While the raw power has always been there for Hall — he’s hit 84 home runs in his four seasons since being drafted in 2016 — a more disciplined approach was a major key for him in 2019. He was able to significantly improve this aspect of his game about two months into last season.

“I used to think if a ball looked good, I’m just going to swing,” Hall said. “See it and hit it, right?

“But really, I had to really tighten up my zone, and realize just because I could hit a ball, doesn’t mean that’s always good enough. I need to get a pitch I can drive here, and not just do it one at-bat — try to do it four a game.”

Ochart noted how this shift in Hall’s approach fit into the organization’s hitting philosophy from last season of punishing strikes. He said that knowing his strengths and having an idea of what pitches he might see helped the young power hitter. Hall had a more advanced plan at the plate than just swinging at any pitch he could get his bat on.

“When you talk to big leaguers and veterans and kind of compare them to a lot of the younger players, you really notice a drastic difference in the gameplan,” Ochart said. “Those big leaguers that have been doing this a while, they always have a plan. Even if it’s simple, they have some sort of plan when they get to the batter’s box.

“… As you talk to younger players, often times they don’t. Their plan is like ‘get a hit. I’m just trying to get a hit.’ At some point in the development process, they need to learn to think through the at-bat and be a little more clever in their strategy. I think that last year Darick really saw a big jump in his ability to do that for himself.”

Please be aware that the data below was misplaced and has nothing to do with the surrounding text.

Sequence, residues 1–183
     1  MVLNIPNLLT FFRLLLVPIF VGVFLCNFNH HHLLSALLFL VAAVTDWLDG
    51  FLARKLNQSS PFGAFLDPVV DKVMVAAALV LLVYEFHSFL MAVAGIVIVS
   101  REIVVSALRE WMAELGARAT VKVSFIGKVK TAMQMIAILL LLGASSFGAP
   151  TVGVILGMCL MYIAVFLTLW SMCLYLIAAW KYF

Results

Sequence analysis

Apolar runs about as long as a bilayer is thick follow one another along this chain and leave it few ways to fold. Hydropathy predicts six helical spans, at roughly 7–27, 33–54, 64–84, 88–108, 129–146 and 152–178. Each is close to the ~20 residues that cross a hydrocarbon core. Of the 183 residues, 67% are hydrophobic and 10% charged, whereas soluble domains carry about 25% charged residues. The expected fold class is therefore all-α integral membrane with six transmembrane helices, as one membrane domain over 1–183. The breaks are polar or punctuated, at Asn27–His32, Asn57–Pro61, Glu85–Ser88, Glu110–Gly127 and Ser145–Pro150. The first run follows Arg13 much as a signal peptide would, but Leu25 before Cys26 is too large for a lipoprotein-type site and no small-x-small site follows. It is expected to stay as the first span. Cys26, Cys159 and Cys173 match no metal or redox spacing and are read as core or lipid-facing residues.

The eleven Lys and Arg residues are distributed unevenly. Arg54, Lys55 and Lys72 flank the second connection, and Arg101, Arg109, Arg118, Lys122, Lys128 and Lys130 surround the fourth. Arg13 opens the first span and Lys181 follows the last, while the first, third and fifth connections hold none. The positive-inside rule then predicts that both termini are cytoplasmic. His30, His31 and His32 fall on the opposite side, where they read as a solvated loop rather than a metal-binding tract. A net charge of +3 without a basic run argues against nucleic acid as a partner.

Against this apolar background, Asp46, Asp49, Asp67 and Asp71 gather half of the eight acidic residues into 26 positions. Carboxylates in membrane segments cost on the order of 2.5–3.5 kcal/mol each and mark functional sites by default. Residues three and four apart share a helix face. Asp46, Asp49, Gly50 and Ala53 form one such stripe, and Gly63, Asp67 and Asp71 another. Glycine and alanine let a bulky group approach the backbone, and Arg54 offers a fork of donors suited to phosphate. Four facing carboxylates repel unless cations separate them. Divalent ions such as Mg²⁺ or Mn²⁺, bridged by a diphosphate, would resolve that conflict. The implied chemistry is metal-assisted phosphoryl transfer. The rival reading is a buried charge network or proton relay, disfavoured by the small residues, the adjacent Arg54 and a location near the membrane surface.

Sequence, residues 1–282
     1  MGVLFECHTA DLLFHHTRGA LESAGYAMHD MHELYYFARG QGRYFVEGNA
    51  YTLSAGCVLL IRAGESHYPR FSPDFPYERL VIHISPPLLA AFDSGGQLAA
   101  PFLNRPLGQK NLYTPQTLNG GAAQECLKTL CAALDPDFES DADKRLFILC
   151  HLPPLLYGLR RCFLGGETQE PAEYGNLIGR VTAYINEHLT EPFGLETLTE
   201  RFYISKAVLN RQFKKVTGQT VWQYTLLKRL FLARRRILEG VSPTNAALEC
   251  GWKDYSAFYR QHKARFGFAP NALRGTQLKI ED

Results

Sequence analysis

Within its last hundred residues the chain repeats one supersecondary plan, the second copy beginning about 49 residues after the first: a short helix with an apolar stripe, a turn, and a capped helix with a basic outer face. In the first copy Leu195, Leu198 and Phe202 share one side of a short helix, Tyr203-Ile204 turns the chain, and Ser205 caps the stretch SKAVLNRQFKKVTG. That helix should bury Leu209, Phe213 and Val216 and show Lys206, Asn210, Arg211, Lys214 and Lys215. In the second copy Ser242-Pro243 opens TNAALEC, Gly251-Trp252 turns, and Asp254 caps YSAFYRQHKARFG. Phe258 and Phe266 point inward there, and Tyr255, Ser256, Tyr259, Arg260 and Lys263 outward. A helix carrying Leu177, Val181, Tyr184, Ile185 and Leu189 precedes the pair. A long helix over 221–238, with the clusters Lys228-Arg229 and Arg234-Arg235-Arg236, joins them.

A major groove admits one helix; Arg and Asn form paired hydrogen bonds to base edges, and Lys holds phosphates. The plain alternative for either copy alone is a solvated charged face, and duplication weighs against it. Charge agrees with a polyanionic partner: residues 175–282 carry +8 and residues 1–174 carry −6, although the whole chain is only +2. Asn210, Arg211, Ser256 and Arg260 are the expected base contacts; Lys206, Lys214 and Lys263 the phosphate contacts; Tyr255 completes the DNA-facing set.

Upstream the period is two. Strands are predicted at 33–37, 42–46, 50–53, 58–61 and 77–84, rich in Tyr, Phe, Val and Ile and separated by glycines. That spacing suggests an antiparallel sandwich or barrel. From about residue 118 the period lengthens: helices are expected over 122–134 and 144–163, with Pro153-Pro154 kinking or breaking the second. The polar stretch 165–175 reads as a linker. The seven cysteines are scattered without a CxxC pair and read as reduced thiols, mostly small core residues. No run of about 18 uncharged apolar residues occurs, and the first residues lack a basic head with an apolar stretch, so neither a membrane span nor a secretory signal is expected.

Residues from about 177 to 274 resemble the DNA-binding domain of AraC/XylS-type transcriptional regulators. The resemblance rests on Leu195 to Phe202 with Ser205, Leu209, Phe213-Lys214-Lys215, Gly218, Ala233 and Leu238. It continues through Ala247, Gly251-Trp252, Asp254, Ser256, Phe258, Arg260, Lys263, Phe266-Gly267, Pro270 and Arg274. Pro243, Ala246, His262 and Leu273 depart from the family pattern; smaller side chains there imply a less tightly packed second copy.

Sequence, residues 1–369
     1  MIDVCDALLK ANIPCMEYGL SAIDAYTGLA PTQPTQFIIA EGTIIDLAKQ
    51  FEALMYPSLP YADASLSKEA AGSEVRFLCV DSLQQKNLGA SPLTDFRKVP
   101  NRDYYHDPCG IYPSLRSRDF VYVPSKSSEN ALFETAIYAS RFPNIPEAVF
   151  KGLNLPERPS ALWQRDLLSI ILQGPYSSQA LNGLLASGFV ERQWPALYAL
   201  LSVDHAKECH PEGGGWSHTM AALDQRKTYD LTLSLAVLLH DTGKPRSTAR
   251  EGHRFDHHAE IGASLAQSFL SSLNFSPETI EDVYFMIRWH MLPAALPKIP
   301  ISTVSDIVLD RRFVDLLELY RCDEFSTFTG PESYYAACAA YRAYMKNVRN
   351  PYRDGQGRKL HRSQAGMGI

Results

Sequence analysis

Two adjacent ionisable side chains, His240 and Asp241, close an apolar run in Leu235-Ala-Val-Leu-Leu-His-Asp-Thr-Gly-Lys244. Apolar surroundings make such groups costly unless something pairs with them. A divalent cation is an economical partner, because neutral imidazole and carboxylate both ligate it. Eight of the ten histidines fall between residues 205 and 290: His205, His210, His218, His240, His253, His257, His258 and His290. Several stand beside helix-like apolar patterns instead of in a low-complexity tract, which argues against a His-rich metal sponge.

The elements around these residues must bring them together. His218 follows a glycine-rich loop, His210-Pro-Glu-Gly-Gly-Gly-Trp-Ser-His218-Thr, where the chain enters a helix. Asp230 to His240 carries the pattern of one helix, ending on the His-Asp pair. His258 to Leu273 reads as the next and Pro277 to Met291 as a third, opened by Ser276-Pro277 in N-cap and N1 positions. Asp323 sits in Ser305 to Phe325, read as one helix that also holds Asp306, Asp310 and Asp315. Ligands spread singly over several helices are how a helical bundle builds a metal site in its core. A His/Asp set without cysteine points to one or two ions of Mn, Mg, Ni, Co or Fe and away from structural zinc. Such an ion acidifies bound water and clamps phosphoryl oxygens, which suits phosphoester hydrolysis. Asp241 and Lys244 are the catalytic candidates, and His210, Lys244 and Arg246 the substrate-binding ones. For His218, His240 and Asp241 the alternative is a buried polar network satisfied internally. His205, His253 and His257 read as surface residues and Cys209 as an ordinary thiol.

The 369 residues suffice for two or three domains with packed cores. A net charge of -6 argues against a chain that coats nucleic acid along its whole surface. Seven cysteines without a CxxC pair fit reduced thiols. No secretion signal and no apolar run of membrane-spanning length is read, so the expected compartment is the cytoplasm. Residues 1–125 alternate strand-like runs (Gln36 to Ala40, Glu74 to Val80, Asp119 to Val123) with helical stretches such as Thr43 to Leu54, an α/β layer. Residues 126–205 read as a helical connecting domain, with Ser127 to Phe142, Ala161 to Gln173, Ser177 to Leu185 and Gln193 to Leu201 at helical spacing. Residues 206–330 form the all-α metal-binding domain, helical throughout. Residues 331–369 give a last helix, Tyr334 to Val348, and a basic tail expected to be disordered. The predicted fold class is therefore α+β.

Hall was extremely pleased with his results that came from that plan and approach at the Double-A level. Attacking the pitches he knows he can hit and taking pitches that he can’t do much with is a strategy that he wants to continue to use going forward.

“I think that’s something that finally clicked for me, and since it worked I’m even more of a believer in it,” Hall said. “That’s kind of what my goal was in [2019], was really to hone that exact thing in. I was able to do it. It took me a little bit. Even though it clicked, there’s going to be times that you falter — that’s just every hitter.

“But at least I know now that — I know I can do it. I know I can have an elite approach against elite pitching. And this was a year that I was hoping I could put it all together.”

While it is still unclear whether he’ll get the chance to put it all together in a 2020 season, Hall will certainly have more chances to show what he can do as a player once baseball starts back up.

He believes he’s in contention for a spot in Triple-A Lehigh Valley when baseball returns, but Hall is just focusing on the things he can do himself going forward.

“If I perform, I put pressure on them to make the moves,” he said. “If you perform, that’s what talks. Wherever they put me, I’m just going to do the best that I can do there, and hope that they see that and make the moves.

“I think that wherever they put me is in their best judgement, and I’m just going to play and do my thing wherever they put me.”